Quakers continued to increase in numbers and in the power of self-sacrifice. Where there is a will there is an endeavor to find a way, and in the year 1673 Friends made up their minds to obtain a Meeting Place of their own. The owner of “Hogstye House,” where they had been meeting for so long a time, offered to sell it to them, with the burial ground attached. At first they took to the idea, and consequently issued an invitation for funds for the purchase of “Hogstye House” and its burial ground. The appeal produced £135/4/6 from thirty-two subscribers residing in Woburn, Bletchley, Bow Brickhill, Little Brickhill, Aspley Guise, Wavendon and Crawley. Doubtless there were many more members who would cheerfully have subscribed had their means been sufficient to permit them to do so – the spirit willing but the pocket weak. It seems very clear that the idea to purchase “Hogstye House” came in for very careful consideration and probably the Friends could not reach that unity of desire which was needed for so important a step, therefore, although the money had been subscribed, the Friends turned it down as their needs were only for a suitable Meeting Room and accommodation for the caretaker. For fully a year, they awaited definite guidance which duly came as the next record evidences.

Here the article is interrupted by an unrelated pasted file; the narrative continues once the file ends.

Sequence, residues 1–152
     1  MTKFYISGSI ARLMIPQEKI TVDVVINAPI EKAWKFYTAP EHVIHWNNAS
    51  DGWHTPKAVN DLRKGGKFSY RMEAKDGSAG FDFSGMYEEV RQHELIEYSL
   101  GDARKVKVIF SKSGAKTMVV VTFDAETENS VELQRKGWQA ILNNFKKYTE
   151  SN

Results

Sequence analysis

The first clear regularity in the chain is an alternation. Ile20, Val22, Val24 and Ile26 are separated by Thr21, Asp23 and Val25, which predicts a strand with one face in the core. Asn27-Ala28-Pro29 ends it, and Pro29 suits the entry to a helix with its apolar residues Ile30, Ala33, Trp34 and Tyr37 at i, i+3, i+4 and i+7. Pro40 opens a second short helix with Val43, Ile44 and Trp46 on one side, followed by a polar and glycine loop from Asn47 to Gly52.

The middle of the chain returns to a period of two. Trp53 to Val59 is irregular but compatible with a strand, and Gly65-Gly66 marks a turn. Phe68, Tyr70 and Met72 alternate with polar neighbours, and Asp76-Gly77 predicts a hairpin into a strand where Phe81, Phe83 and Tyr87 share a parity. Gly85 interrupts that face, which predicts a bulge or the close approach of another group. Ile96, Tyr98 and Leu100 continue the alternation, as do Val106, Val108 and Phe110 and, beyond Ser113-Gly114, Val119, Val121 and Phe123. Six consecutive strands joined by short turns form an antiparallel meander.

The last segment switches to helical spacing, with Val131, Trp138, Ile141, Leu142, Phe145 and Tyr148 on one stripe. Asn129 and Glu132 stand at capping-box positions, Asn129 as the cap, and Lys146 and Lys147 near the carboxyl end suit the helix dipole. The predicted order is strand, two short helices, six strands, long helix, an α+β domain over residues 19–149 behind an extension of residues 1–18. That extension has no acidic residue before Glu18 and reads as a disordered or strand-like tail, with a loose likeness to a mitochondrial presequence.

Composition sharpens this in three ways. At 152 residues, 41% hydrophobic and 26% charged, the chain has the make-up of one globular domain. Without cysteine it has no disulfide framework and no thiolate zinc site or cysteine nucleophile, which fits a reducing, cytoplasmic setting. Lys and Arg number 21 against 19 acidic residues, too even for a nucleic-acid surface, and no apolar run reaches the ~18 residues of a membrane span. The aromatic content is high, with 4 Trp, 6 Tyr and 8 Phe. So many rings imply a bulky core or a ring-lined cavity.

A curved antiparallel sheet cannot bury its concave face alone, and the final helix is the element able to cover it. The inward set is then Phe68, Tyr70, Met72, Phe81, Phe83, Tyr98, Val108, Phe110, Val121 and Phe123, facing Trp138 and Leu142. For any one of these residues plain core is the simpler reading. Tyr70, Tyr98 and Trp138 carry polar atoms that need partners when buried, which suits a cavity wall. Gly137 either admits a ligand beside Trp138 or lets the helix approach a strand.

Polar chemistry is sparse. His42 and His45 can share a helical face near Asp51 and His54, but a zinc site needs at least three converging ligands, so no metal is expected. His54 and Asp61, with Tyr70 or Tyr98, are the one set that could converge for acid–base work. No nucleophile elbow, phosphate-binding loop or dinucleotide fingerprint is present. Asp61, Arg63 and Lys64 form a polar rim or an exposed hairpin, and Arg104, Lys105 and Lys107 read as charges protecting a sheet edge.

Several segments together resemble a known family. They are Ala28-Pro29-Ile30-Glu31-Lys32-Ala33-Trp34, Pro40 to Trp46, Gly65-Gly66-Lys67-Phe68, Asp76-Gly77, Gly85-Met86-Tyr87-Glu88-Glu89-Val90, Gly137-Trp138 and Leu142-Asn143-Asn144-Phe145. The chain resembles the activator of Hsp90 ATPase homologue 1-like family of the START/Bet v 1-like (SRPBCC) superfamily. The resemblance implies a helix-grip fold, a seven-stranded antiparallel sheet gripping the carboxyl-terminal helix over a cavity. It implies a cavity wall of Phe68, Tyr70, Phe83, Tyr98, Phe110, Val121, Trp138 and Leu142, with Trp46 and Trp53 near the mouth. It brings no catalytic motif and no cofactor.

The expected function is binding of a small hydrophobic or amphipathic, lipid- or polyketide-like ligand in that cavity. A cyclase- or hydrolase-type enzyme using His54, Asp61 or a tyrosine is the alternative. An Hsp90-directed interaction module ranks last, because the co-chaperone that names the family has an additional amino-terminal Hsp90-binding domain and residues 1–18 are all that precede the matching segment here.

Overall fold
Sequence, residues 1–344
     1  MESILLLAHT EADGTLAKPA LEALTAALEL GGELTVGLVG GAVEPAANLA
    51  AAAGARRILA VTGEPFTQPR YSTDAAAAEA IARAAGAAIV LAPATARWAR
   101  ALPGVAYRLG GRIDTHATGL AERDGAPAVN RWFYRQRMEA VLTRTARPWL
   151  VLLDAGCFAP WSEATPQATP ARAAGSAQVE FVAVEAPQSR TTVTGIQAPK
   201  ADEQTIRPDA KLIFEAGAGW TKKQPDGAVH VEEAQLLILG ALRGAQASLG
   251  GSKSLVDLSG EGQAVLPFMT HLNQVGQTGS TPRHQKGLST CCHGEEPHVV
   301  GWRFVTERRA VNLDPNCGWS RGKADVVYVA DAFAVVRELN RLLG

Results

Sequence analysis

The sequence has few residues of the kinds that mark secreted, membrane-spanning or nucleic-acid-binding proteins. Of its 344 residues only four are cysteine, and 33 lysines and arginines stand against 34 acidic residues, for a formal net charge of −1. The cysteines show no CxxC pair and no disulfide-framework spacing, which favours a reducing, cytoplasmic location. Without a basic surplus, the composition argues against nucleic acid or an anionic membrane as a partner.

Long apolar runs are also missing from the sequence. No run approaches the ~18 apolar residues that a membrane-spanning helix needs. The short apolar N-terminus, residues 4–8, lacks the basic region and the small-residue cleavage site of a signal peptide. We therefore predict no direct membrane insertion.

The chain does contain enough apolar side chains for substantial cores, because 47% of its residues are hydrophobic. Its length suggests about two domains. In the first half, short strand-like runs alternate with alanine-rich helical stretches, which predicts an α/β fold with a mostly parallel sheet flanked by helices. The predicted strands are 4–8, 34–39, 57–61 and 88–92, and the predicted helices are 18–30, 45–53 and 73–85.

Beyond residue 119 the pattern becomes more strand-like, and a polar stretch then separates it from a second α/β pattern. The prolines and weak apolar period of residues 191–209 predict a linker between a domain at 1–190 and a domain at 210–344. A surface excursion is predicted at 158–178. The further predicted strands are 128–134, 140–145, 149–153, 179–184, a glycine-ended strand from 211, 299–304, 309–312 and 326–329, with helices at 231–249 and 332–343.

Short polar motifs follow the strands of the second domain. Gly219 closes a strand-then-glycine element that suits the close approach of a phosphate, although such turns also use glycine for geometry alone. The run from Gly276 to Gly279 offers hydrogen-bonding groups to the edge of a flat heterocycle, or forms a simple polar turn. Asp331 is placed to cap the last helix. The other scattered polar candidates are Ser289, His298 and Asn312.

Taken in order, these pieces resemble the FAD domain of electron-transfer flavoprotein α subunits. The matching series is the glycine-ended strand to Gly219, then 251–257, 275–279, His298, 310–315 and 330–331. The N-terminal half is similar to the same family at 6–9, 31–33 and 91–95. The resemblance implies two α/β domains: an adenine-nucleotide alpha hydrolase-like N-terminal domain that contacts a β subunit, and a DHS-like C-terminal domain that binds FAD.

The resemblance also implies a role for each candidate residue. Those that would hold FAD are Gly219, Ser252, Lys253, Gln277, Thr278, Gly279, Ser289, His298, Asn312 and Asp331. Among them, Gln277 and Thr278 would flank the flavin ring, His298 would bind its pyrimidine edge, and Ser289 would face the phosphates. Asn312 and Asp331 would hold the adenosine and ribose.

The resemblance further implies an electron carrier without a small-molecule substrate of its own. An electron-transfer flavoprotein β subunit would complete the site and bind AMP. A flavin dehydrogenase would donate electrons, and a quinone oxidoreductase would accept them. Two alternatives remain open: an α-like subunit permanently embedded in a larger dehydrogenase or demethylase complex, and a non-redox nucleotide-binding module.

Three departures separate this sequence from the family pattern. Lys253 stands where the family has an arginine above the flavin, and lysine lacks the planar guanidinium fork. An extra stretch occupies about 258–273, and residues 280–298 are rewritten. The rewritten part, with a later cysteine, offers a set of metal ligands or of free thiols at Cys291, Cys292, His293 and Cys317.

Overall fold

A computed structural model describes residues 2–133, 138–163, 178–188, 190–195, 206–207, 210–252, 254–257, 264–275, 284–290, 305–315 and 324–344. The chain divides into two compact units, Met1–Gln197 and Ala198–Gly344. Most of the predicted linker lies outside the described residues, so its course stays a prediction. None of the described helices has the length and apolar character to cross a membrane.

On a deed dated December 5th 1674, Francis King, yeoman, of Aspley Guise, sold for £50 three roods of land to William and Edward Cooke, both of Bow Brickhill; Thomas Harvey, yeoman, of Wandon; Henry Bigge, shoemaker, of Wandon; Francis Coleman, ironmonger, Woburn; Francis Ireland, gardener, Woburn; George Gosley, shoemaker, Bow Brickhill, and William Mathews, yeoman, of Aspley Guise.